http://www.businessinsider.com/the-greek-crisis-is-about-demographics-2010-5?IR=T
Bringing Greece as example, the forecast looks rather gloomy. According to one of the country's leading newspapers-Kathimerini- Greece's population declined by approximately 60,000 in 2013, mainly due to the economic crisis. The deaths for the first time surpassed the births by 16,300 people and 44,200 more individuals decided to emigrate out of the country than those who entered in Greece. (The article in Greek is here)

It is evident that the crisis has made the demographic problem of the country even worse and no solution has been offered by the Troika, or Greece's European partners. The utmost important issue to them is to save the euro.

Across the Southern region of Europe, just like in the Eastern part after the collapse of Communism, people are getting poorer and many kids are forced to leave their education plans, because their parents can not afford them. The crisis takes young people out of schools and throws them in a future with no jobs or forced emigration.

And since immigration into Europe is also increasing from other war torn, or poverty plagued regions of the world, poor Europeans are faced with a very harsh future prospect. They will have to compete in their own country with immigrants, bringing the two communities in an inevitable clash.

http://www.businessinsider.com/the-greek-crisis-is-about-demographics-2010-5?IR=T
The signs are already visible. Europe is becoming more intolerant, xenophobic and is turning against its very European values or dream. Far-right or nationalist parties are mushrooming all over the continent and they are gaining popularity fast.

Under such developments the continent's leadership seem to be paralyzed and unable to deal with the problem.

They prefer to leave the issue to the next government to solve, but by then it will probably be too late. Europe is aging fast and in the future there just won't be enough young people to work, to sustain the ever increasing number of pensioners. Our continent will simply not have enough workers to tax and pay for the elderly.

A fast solution would be more immigration, but with the recent economic developments across the continent, that will also lead to a worsening backlash. Europeans are afraid of the loss of their national identity, or the so called "Islamization"  of Europe. Higher immigration rates in a short period of time, will only aggravate the continent's xenophobia.

It will be too easy to look at countries that took certain steps towards a solution, with good or medium results. But our governments are too short-sighted. The Scandinavian countries or others such as France, could offer some insight.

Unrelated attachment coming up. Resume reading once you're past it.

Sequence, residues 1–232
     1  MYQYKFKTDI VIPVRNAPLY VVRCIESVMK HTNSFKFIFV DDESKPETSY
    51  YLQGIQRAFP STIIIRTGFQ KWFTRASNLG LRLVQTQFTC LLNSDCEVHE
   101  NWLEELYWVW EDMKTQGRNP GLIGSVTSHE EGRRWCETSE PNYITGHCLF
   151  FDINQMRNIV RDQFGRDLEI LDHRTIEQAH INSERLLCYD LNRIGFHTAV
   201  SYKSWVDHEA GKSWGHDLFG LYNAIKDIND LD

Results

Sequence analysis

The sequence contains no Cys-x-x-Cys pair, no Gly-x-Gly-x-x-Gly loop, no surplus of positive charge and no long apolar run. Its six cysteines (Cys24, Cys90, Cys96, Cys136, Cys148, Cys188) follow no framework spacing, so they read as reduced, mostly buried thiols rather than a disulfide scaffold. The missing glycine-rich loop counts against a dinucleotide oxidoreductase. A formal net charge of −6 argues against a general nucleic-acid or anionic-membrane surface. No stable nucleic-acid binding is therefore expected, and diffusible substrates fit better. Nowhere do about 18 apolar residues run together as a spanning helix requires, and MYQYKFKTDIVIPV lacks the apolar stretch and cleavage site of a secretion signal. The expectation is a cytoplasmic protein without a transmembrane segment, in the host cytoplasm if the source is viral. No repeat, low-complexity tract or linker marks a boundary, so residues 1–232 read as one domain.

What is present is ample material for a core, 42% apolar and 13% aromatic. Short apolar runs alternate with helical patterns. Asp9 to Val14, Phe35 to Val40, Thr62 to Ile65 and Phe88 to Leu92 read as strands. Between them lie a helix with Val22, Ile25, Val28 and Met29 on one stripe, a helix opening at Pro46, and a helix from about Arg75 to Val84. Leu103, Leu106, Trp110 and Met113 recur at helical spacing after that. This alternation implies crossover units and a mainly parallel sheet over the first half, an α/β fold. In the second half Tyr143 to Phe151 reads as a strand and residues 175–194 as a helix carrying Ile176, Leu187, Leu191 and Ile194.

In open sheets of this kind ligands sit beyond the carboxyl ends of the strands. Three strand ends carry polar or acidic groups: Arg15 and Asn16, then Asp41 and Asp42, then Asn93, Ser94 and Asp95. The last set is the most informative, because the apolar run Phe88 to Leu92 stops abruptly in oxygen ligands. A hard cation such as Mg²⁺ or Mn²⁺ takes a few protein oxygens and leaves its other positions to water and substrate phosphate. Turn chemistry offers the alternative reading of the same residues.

Necessary measures do not include more cuts in social security measures, but in fact an increase of support for young families. France pays mothers for up to 3 years parental leave and a monthly cash incentive, which is nearly the minimum wage for a mother to stay off work, for one year following the birth of her third child.

Plus it has developed an income tax system, based on the more children the less tax to pay and government subsidized daycare for children under the age of three, and full time school places for over threes paid for by the government. (BBC)

That has made France into one of the European countries with the highest birth rates. In Scandinavia on the other hand, they give parental leave to both parents to take in turn. Sweden’s family policy is aimed at supporting the dual-earner family model and ensuring the same rights and obligations, regarding family and work for both women and men.

Generous spending on family benefits, flexible leave and working hours for parents with young children and affordable, high-quality childcare are the main factors for success. The country's gender pay gap is also the lowest in Europe. (Europa.eu)

Under an EU led program, we could copy the above policies and promote them across Europe, especially to those countries in need. It is not just the recent crisis hit EU members like Greece, but also most of the former USSR democracies like the Baltic states, that face a gloomy demographic future.

So why isn't there an agreement on this, or a collective action or creation of a family oriented fund, to tackle Europe's demographic problems? If we do not act now, it will be too late. Just by 2050, our continent's population won't be able to support any growth in the economy.

So instead of wasting billions in trying to save the banks, why don't we make a much wiser investment that will prove far more necessary and crucial for our economy in the future; in our social security and child policies.

Europe must start investing in its youth, they are the future and they are the most valuable asset of the continent, than any market or currency. Without future workers, citizens, voters or consumers, the single market that the European elites are trying so hard to salvage to the detriment of social security policies, won't survive anyway.

If the future generations are poorer or unable to have children, then there will be no future for Europe. It is time that our continent changed its priorities and focus on policies that are more people and family oriented.